Kaplan says he has known Fernandez for years, and the project evolved from a simple conversation about the author’s relationship with Cuban food.
“We were actually sitting in the café in the book shop,” Kaplan says. “He was going on and on and on about his feelings about Cuban food. I said if you write the book, I’ll be happy to publish it. And so he did, and so I published it. It will be at the book fair. It’s about 120 pages, and it’s really engaging.”
Would that publishing one’s book was so easy for everyone.
“We don’t really take over the transom solicitations,” Kaplan says. “It’s really people who know other people who know us recommend people to us, that kind of thing. It’s been a word-of-mouth thing.”
▪ Founded in 2014
▪ A pop-up artist’s bookstore
▪ Conceived by artist Amanda Season Keeley
▪ Website: www.exilebooks.com
Using book carts and lounge furniture, Amanda Season Keeley creates a bookstore on the move. The curated installation features a diverse selection of artist’s books and publications, emphasizing both local artists and presses.
EXILE Books also created a new publishing imprint called EXILE Editions, which according to its website “seeks to publish exclusive special editions and artist’s books from local, national and international artists we collaborate with.”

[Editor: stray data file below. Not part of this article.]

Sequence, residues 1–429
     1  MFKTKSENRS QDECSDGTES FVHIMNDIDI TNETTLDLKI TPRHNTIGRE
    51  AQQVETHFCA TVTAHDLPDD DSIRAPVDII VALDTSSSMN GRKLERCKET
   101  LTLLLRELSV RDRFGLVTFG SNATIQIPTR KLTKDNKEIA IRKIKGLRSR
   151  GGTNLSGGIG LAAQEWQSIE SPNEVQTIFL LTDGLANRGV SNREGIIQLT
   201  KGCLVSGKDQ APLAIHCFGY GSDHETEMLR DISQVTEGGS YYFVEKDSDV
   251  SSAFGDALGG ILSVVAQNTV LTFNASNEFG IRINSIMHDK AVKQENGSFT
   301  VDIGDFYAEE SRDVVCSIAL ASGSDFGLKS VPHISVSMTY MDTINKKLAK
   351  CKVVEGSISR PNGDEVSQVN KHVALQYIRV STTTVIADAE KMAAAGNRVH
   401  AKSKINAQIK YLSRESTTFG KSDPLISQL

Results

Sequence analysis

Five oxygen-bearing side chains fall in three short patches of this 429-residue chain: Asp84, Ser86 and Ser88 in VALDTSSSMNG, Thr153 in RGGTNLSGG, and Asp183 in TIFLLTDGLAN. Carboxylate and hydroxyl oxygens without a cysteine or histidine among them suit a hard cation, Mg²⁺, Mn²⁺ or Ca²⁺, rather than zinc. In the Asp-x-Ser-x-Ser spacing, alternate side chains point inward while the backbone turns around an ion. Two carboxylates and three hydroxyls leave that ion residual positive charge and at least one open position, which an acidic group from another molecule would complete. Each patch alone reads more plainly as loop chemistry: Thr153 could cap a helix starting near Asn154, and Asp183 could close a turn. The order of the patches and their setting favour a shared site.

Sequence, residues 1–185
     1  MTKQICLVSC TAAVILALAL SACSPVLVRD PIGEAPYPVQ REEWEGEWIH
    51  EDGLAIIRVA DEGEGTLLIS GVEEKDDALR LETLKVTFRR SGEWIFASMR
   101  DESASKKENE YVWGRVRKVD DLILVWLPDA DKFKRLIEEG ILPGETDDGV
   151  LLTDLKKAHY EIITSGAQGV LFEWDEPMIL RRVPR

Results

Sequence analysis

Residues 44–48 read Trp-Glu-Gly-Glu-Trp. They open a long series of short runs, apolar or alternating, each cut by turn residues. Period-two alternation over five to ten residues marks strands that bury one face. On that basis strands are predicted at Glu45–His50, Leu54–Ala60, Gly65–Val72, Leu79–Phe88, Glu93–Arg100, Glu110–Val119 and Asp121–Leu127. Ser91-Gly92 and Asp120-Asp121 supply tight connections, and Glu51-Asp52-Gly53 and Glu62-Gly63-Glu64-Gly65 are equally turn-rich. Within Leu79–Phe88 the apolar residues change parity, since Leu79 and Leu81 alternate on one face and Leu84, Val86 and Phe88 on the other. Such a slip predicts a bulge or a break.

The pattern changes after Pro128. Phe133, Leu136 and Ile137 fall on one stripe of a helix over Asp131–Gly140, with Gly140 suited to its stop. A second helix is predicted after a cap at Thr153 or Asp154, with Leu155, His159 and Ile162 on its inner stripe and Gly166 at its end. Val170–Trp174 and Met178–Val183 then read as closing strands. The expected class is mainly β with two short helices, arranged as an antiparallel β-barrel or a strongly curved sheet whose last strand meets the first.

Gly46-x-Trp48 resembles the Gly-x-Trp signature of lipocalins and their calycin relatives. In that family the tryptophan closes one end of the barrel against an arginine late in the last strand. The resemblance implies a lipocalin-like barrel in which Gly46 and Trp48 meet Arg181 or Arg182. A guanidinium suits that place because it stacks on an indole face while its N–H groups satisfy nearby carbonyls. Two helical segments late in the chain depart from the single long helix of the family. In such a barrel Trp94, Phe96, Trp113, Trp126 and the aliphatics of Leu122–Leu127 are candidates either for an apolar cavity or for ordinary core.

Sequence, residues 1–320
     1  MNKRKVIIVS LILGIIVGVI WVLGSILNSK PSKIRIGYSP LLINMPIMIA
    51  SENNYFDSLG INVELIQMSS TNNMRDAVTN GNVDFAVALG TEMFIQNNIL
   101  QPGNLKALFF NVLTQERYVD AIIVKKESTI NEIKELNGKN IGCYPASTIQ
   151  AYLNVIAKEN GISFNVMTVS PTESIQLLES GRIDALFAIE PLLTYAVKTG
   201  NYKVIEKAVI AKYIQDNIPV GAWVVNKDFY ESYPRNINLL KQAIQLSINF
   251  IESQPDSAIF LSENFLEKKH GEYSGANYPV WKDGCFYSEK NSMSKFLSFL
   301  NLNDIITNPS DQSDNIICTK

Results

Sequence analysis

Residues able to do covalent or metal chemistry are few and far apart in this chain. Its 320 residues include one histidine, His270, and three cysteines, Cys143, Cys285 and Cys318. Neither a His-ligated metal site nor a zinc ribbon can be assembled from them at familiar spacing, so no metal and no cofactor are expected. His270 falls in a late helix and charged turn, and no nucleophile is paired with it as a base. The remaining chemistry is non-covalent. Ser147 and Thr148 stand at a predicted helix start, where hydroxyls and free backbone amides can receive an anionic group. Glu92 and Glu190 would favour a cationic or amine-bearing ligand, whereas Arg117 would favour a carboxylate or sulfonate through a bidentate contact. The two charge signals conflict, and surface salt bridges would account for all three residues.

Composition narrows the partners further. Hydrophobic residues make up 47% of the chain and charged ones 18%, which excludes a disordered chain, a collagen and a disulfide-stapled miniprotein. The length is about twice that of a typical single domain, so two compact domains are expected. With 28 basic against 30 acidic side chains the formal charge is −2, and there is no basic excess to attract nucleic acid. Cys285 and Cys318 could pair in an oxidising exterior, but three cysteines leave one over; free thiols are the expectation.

Earlier this year, EXILE Books published LISTEN TO THIS BUILDING, an exquisite book that commemorated a Miami Center for Architecture & Design exhibit by the same name. EXILE Books collaborated with MCAD and the Miami Lighthouse for the Blind to enable the visually impaired the opportunity to experience architecture in a new way. The spiral-bound book incorporated Braille into its design and provided a CD, so that anyone could experience the architecture on a hypersensitive level, using sight, sound and touch. The book has a run of 100 copies, and its publication was funded by the Miami Downtown Development Authority.
“It’s an absolutely stunning book about the architecture of our city,” says Victoria Rogers, the Knight Foundation vice president for the Arts, adding that her organization helps fund EXILE Books. The book features 10 of Miami’s historical and architecturally significant buildings, including the Old U.S. Post Office & Courthouse, the Seybold Building, the Freedom Tower and Gesu Church.
“You can trace your fingers around the actual image of the buildings and read about them,” Rogers says. “It does provide a visual for people who are visually impaired. It’s another example of how truly innovative people are here in Miami, how we tell stories in different ways to reach a broad array of people.”
Independent and small publishers featured at the Miami Book Fair International
▪ Cultivating the New American Canon: Saturday 10:30 a.m.-11:30 a.m., Room 7106: Voices of Our Nation Arts Foundation (VONA), which now makes its home at the University of Miami, was formed with the mission of facilitating the emergence of writers of color by supporting individual writer growth, creating a platform for community engagement and providing a workshop and mentor focus to expand writing opportunities. Join VONA and University of Miami faculty Chantel Acevedo, Tananarive Due, M. Evelina Galang, Mat Johnson, Ana Menendez, and VONA’s co-founder and Program Director Elmaz Abinader, as they read from their work and discuss VONA’s contributions.